Linda, a 64-year-old teacher, is hardly the stereotype of a civic reformer. But the winds of Hurricane Katrina that swept away so much of New Orleans also swept away the lethargy that has for so long been a fundamental part of the city.
Petite, soft-spoken, impeccably dressed, Linda is the embodiment of the traditional “Louisiana lady,” except that old-fashioned Southern ladies don’t get their hands dirty with political involvement.
“I have a friend who’s a nurse and she says that New Orleans was like a boil,” she says. “Well, finally, Katrina lanced the boil. We can heal it or let the poison spread. We’ve got to do something to heal. We’re going to change things and change the future of New Orleans.”
And that’s precisely what she and thousands of others are now doing in a city where new citizens’ groups are becoming almost as prevalent as mold.
While Linda argues that New Orleans’ reputation for corruption is overstated, she has no charity when it comes to the various parish levee boards entrusted with protecting the city from flooding. “They compete for money in Baton Rouge and they compete in Washington. When we should be speaking with one voice, the levee boards fracture our political clout,” she explains with the enthusiasm that comes from the newly initiated’s involvement in a political organization that matters to them.
For Linda, this is The Citizens for One Greater New Orleans.
The group grew from an organizing meeting that Linda helped to plan to begin discussions about mobilizing a grassroots effort to create and flex political power that would influence the decisions facing their city, particularly the demolition of a political system based on insider dealings and connections. The first test: consolidation of the levees for Jefferson, Orleans, Plaquemines, St. Bernard and St. Tammany parishes into a single, regional agency.
The organizers invited their friends and neighbors: 250 people showed up, and 600 attended the follow-up meeting. Clearly, the “One Voice” movement had touched a nerve, and if there was any question about it, it was answered resoundingly when almost 50,000 people signed a petition to create a single, regional, nonpolitical levee board and the influential Business Council signed on. Finally, even the Orleans Levee Board members supported the regional oversight board whose creation would eliminate their jobs.
Linda has special equity to speak her mind. Her Metairie home was flooded, and her work with the new grassroots group seems a perfect antidote to well-justified anger and depression. Because of the group’s efforts, she and her colleagues are focused on something positive, and with their urging, legislation to consolidate the levees was introduced in the Louisiana legislature, passing the state Senate unanimously before it was narrowly defeated in the state House on a parliamentary maneuver.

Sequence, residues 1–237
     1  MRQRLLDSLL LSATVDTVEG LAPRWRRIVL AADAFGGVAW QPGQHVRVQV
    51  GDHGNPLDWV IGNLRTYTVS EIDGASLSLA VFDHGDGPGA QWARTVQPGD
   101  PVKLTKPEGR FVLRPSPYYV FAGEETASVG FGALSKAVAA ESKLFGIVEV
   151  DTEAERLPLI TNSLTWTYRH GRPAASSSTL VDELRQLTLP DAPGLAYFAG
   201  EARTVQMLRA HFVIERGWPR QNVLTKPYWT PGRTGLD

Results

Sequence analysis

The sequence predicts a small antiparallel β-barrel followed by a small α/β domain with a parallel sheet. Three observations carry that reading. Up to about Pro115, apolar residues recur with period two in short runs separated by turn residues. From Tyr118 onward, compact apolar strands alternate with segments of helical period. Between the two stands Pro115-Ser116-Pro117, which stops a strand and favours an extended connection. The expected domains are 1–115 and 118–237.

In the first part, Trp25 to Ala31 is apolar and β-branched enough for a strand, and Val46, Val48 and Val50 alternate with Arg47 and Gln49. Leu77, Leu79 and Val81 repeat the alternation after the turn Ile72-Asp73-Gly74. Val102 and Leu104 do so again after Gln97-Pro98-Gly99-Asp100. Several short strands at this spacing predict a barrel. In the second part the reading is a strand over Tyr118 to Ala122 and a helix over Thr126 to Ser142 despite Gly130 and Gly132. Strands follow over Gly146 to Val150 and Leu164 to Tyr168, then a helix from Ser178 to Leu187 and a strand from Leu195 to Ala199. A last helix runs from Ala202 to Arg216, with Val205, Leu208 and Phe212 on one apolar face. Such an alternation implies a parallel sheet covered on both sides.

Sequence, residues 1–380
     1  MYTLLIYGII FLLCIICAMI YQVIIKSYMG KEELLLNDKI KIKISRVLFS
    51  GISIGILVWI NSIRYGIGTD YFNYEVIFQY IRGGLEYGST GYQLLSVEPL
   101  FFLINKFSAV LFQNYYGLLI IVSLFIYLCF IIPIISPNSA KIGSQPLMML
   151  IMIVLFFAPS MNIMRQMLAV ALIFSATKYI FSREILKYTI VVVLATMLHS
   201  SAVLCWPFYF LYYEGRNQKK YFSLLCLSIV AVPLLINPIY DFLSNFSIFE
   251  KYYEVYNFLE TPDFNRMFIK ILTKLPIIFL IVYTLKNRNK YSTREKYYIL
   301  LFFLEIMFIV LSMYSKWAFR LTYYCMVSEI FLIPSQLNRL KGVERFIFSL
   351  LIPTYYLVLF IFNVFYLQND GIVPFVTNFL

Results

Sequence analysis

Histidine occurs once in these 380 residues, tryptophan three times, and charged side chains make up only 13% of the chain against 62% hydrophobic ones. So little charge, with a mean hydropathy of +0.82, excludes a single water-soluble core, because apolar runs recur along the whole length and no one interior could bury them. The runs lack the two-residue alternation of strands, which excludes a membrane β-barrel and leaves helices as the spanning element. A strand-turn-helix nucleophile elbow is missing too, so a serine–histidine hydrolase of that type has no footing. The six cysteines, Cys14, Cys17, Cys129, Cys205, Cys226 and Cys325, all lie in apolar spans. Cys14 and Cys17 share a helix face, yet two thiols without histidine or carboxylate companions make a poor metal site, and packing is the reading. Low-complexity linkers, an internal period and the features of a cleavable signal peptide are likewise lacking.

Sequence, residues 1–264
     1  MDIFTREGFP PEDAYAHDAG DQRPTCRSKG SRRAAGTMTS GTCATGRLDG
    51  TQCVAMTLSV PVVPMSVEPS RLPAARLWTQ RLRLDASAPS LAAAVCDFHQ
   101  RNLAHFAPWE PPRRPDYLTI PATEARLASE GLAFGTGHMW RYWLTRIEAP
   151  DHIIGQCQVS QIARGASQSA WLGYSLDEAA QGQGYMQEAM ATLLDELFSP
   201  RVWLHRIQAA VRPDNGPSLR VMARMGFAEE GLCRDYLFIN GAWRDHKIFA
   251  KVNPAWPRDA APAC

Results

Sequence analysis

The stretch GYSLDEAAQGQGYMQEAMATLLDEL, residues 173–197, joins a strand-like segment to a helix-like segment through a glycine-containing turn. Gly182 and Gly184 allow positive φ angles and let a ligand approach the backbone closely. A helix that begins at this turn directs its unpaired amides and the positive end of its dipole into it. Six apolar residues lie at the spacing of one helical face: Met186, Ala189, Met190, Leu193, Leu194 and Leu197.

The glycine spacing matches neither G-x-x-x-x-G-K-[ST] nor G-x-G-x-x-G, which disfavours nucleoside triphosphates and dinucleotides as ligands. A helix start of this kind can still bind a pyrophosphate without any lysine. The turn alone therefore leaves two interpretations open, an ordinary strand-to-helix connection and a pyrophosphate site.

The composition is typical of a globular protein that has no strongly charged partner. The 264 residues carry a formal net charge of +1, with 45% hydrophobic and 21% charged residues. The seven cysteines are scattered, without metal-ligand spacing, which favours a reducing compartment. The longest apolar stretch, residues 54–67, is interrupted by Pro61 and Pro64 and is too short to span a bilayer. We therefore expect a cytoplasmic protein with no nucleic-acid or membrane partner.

“We’re demanding a special session in January, and if the Governor (Kathleen Blanco) doesn’t call it, we’re going to march on the Capitol. The governor is out of her depth, and she’s done nothing to really help us. She seems more interested in politics as usual and protecting the patronage system and existing corruption. The levee boards are packed with cronies. There’s not even an engineer or hydrologist on them. No wonder there are problems.”
While Governor Blanco initially resisted the levee legislation, she finally endorsed it, albeit tepidly, because of the passion of the new political operatives of “One Voice,” which Mayor Nagin strongly supports.
The levee boards have been the final political resting places for former state legislators, big contributors and political cronies. The governor says she has her own legislative bill, but unless it is a major overhaul of the system, look for Linda to be chained to the Capital door a few weeks from now if Blanco doesn’t call the special session.
In a city where optimism is as scarce as snow these days, grassroots groups like this one give heart to the people who remain in the decimated city and give voice to those spread across the U.S.
Besides the “One Voice” initiative, there’s dozens of others, such as Rethinking New Orleans, an informal grassroots program that has become intensified and formalized in support of historic neighborhood preservation; Friends of Frontline which is raising money to help first responders who lost their homes in the flooding; the 504 Musicians fund which is raising money to help New Orleans musicians; dozens of others, and a number of websites that are attempting to build political connections between the various organizations.
Meanwhile, there is of course a government committee – Mayor Ray Nagin’s Bring New Orleans Back Commission. If the city mayor – now rebounding in public opinion, particularly when compared to Governor Blanco – can get his committee to engage all of the new grassroots groups into his plan of action due next month, New Orleans will have taken a major step toward its rebirth.
For decades, there has been a special affinity between New Orleans and Memphis. There are the natural connections as river towns, music cities and distribution cities. But there are also the shared problems – poverty, teenage pregnancy, low per capita income and workforce weaknesses.
But there’s always been one more common characteristic – voter apathy. New Orleans is making some hopeful signs that it is finally shaking off its tradition. Here’s hoping it doesn’t take an earthquake for Memphis to do the same.